A key architect of the Trump administration’s efforts to weaken federal climate rules is under scrutiny by a federal watchdog for his dealings with industry players who lobbied the government to ease carbon pollution limits. It is the third inquiry into whether Bill Wehrum, who headed the Environmental Protection Agency’s air policy division from November 2017 until last month, violated federal ethics rules.
White House officials barred a State Department intelligence agency from submitting written testimony this week to the House Intelligence Committee warning that human-caused climate change is “possibly catastrophic.” The move came after State officials refused to excise the document’s references to federal scientific findings on climate change.
The White House plans to create an ad hoc group of select federal scientists to reassess the government’s analysis of climate science and counter conclusions that the continued burning of fossil fuels is harming the planet, according to three administration officials.
Two senior Environmental Protection Agency political appointees — including one who personally supervises every grant the agency awards to or solicits from outside groups — got approval from the agency’s ethics office to continue to collect outside income while working for the Trump administration.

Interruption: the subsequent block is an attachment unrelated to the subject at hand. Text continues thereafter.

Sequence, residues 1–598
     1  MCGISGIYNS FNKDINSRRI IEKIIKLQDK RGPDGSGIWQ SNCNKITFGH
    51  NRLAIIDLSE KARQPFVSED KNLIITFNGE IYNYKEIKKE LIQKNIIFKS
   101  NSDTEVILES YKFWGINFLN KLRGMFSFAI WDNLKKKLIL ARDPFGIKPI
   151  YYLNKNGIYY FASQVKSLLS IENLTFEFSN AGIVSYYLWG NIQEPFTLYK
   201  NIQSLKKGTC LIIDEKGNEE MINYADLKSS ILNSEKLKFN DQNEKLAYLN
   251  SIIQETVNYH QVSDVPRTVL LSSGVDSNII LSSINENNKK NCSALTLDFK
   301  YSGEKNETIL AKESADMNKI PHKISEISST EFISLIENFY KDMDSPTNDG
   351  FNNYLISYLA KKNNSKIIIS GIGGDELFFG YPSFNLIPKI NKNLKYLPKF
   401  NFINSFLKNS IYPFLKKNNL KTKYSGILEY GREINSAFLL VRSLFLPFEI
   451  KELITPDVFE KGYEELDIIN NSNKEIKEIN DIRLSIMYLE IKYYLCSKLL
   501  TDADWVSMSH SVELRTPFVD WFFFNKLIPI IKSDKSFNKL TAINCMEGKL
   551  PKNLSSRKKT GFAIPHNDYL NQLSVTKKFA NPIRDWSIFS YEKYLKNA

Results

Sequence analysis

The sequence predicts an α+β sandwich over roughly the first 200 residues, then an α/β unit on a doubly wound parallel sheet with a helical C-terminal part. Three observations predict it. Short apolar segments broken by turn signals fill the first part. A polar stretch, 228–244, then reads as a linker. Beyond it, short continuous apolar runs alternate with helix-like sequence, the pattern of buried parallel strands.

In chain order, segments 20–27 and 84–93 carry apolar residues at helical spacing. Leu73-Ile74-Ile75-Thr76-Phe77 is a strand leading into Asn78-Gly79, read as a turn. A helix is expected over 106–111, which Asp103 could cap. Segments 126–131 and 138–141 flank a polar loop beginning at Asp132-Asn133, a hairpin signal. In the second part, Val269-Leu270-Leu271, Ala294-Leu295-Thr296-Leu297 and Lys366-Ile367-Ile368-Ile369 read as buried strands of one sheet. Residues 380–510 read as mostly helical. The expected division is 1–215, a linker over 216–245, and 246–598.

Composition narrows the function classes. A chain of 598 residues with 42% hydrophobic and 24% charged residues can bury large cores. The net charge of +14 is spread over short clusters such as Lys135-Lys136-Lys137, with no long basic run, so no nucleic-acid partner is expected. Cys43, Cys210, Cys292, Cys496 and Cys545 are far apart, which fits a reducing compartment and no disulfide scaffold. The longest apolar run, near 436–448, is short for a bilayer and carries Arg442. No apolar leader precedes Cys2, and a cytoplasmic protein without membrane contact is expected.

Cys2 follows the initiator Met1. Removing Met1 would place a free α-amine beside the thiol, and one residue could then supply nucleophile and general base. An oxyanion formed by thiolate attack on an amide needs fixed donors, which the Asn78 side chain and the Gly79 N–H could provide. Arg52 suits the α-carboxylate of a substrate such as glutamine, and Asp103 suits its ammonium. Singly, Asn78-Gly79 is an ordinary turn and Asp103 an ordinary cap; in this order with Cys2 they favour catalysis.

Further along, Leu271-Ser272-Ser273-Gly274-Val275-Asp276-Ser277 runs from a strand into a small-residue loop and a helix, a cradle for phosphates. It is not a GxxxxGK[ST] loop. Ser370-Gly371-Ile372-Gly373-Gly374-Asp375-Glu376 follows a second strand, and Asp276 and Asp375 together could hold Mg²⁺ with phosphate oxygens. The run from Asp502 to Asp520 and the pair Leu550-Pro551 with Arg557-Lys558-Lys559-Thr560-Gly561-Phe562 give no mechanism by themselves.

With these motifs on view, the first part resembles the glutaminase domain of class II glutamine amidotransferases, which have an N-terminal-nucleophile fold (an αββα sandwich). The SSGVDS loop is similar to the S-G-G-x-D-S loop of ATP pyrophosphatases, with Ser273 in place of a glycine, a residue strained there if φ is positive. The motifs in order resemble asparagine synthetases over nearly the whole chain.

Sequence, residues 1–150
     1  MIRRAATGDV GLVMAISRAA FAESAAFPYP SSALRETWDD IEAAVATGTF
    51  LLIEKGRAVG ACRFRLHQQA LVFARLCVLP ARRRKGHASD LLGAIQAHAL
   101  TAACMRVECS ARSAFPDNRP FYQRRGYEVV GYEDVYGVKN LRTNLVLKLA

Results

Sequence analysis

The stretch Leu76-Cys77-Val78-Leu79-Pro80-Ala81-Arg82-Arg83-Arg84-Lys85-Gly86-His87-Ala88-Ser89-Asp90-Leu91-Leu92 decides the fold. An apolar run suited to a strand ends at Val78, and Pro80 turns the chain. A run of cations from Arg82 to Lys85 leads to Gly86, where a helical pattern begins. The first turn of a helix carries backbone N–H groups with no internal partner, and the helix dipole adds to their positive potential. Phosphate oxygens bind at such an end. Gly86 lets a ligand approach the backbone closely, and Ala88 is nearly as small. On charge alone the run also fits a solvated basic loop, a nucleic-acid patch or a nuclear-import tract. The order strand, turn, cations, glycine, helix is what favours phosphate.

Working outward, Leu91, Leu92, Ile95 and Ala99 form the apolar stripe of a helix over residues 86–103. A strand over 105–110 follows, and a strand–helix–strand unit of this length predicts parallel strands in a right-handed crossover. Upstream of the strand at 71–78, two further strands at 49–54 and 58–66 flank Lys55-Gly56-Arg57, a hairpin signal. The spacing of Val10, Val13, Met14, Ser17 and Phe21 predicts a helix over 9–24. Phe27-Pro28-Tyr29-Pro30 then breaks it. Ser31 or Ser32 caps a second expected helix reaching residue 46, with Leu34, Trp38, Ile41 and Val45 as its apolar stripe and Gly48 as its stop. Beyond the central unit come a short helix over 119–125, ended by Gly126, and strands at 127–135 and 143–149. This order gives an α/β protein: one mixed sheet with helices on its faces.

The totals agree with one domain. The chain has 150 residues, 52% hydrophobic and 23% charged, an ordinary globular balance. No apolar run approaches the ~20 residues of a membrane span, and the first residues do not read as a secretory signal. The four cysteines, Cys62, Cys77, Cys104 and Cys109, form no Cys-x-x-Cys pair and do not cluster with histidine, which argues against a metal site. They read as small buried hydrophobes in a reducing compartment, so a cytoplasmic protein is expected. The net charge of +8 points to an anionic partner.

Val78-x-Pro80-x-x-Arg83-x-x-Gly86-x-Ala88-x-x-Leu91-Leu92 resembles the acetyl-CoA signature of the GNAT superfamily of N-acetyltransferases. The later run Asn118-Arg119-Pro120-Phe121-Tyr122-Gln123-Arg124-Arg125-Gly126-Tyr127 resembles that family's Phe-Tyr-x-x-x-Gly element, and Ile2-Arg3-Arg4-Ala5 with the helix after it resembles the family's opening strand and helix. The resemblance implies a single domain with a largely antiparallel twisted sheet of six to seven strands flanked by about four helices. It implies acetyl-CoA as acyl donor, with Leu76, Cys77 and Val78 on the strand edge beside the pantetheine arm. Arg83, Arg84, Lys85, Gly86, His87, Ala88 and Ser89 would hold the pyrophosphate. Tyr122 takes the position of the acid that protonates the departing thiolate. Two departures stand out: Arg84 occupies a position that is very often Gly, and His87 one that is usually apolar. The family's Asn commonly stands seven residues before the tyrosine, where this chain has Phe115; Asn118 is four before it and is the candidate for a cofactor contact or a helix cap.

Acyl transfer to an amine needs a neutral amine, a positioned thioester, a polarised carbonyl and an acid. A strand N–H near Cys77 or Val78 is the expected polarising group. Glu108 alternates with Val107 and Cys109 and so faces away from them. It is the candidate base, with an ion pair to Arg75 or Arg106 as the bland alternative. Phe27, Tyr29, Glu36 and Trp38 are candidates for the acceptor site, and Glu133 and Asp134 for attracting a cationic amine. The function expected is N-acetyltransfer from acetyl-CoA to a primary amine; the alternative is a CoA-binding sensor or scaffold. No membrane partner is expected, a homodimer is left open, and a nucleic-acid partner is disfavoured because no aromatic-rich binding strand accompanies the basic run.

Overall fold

For months, officials in Republican-controlled Iowa had sought federal permission to revitalize their ailing health-insurance marketplace. Then President Trump read about the request in a newspaper story and called the federal director weighing the application. Trump’s message was clear, according to individuals who spoke on the condition of anonymity to discuss private conversations: Tell Iowa no.
An appeals court Monday struck down the Environmental Protection Agency’s 90-day suspension of new emission standards on oil and gas wells, a decision that could set back the Trump administration’s broad legal strategy for rolling back Obama-era rules. In a 2-to-1 ruling, the U.S. Court of Appeals for the District of Columbia Circuit concluded that the EPA had the right to reconsider a 2016 rule limiting methane and smog-forming pollutants emitted by oil and gas wells but could not delay the effective date while it sought to rewrite the regulation.
After just a few weeks in office, the new administration is targeting dozens of Obama-era policies, using both legislative and executive tactics. The fallout is already rippling across the federal bureaucracy and throughout the U.S. economy, affecting how dentists dispose of mercury fillings, how schools meet the needs of poor and disabled students, and whether companies reject mineral purchases that fuel one of the world’s bloodiest conflicts.